The week's good news: August 26, 2021
It wasn't all bad!
Father and son bike 3,300 miles to fulfill dream of seeing the Statue of Liberty
Shepherd Colver had a summer vacation he'll never forget. Shepherd, 9, always dreamed of seeing the Statue of Liberty in person, and instead of driving or flying to New York from their home in Washington state, Shepherd and his dad, James, decided to travel cross country by bike. They first tried making the 3,300 mile trek in 2019, but stopped when Shepherd started getting bad headaches; he was later diagnosed with diabetes. The duo hit the road again this summer, and it was smooth sailing. After 18 weeks of pedaling, Shepherd and James coasted into New York City earlier this month, celebrating their arrival with a sparkling cider toast. The long journey was "definitely worth it," Shepherd told the CBS Evening News, adding that the Statue of Liberty is "pretty cool." James found their adventure to be a "wonderful bonding experience. I feel like I invested my time as his dad really well here."
Veteran reunites with Italian siblings he saved during World War II
It's been more than 75 years since they met, but World War II veteran Martin Adler never forgot the three Italian siblings he saved while they were hiding from the Nazis — and now that they've been reunited, Adler knows they remembered him fondly, too. Adler, now 97, and his company entered the village of Monterenzio in 1944. Adler heard a noise coming from a large wicker basket outside of a house, and thought there was a German soldier inside. He pointed his gun at the basket, but a woman quickly appeared and said her three children, ages 3 to 6, were hiding inside. "The mother was a real hero," Adler told The Associated Press. Adler gave them American chocolate bars, relieved he hadn't opened fire. His company remained in Monterenzio for some time, and the children — Bruno, Giuliana, and Mafalda Naldi — often played with him. After hearing stories about them throughout her life, Adler's daughter tracked down the Naldis last year, and on Monday her dad was finally able to reunite with them in Bologna.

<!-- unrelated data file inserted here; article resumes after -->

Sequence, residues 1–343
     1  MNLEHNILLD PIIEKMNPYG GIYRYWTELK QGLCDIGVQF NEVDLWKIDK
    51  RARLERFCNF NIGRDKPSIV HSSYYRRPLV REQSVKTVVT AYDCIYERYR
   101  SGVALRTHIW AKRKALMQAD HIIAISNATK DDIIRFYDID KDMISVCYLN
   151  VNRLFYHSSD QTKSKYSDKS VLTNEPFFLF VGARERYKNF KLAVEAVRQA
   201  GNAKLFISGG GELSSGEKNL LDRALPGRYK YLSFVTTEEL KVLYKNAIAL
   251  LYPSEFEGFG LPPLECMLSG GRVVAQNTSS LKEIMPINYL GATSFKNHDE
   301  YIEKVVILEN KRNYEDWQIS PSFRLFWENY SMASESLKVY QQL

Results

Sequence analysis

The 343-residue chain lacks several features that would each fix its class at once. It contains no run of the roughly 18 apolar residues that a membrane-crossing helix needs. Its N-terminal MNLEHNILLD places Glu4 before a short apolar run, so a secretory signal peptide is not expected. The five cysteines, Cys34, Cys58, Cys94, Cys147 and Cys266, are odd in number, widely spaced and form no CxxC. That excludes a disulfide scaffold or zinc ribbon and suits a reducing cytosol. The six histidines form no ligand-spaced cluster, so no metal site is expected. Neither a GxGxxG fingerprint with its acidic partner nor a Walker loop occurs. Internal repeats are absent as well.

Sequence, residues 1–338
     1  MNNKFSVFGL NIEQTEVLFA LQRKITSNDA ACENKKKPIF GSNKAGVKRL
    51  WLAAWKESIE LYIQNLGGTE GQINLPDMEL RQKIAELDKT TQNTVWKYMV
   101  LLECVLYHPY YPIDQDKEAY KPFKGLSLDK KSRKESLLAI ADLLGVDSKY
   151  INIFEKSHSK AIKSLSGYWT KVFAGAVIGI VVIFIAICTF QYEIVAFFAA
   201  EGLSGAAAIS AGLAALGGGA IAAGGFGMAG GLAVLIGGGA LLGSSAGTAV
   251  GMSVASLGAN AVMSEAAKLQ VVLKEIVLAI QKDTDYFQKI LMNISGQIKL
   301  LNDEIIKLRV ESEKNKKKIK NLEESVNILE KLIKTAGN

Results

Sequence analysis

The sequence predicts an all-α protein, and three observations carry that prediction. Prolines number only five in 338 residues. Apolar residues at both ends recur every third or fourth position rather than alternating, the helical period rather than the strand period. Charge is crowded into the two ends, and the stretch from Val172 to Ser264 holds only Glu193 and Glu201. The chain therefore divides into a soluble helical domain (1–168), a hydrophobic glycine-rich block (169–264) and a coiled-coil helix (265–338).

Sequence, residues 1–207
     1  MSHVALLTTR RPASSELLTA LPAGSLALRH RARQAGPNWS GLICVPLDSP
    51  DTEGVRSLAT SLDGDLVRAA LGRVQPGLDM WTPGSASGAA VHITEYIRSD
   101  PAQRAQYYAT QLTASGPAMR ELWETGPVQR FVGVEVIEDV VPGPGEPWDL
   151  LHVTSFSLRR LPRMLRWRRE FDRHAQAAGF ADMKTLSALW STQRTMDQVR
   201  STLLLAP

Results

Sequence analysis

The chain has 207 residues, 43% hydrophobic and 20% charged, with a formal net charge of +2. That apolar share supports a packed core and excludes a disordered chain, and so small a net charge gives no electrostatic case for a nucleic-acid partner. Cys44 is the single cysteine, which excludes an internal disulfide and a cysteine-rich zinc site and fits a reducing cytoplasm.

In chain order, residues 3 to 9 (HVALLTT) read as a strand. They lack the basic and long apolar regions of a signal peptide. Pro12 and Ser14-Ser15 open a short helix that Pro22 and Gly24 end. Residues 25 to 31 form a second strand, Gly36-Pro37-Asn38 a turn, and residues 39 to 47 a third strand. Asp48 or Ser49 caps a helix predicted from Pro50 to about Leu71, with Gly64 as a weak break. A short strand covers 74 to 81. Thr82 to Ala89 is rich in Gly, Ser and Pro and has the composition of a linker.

Illinois girl brings her fight to protect bees to the statehouse
Scarlett Harper isn't afraid of bees, or asking lawmakers to support a bill protecting them from pesticides. Harper, 11, noticed earlier this year there weren't as many bees buzzing around her Winnetka, Illinois, neighborhood, and found out a pesticide that had been sprayed in the area to get rid of mosquitos had also killed bees. "Bees are completely vital to humans," Harper told CBS News. "They pollinate a third of our food supply and without them, we really can't survive." She worked with state Rep. Robyn Gabel (D) to craft House Bill 3118 to curb the use of such pesticides, and called lawmakers to ask them to join in the fight. Harper was able to get 22 state representatives to co-sponsor the bill, which made it out of the Energy and Environment Committee with a 29-0 vote. Illinois' legislative session ended before the bill was passed, but Harper told CBS News she is certain it will be reintroduced in the next session and "we're going to win."
Restaurant finds creative way to send blind customer birthday message in Braille
Natalie Te Paa's birthday was made a little sweeter by the staff at Luciano by Gino D'Acampo. Te Paa recently went to the London restaurant to celebrate her birthday, along with friend Claire Sara. Te Paa is blind, and when the restaurant staff learned it was her big day, they surprised her by looking up online how to write "Happy Birthday" in Braille, and then using chocolate to put this message on a plate. "It just blew me away," she told Today. Sara posted a video online of Te Paa and her birthday message, and it has been viewed by millions. It's Te Paa's hope that this will inspire other restaurants to be more inclusive of guests. "Blindness is not easy," she said. "There are a lot of times that you do face discrimination, you do face things that are challenging and tough and difficult. So the fact that they did this for us really opened up a conversation of awareness."
Ham radio operator saves friend's life from hundreds of miles away
An accidental phone call led to a man in California saving the life of his friend in Oregon. In June, Bill Scott of Manteca, California, received a phone call from a person whose voice sounded familiar, but garbled. He thought it was a prank, Scott told CBS Sacramento, until the man on the line said, "You are an amateur radio operator." It was Skip Kritcher, one of Scott's ham radio friends who lives in Myrtle Point, Oregon. Kritcher had fallen down and needed help, but was struggling to see the numbers on his cell phone, and accidentally dialed Scott. Scott's wife, Sharon, is a retired nurse, and after hearing Kritcher's slurred speech and the confusion in his voice, she told her husband his friend was having a stroke. Bill Scott called 911, and was later told that if Kritcher hadn't received help so quickly, he wouldn't have survived. "It's pretty awesome, they are great people you know," Kritcher said. "I'm just glad I called them."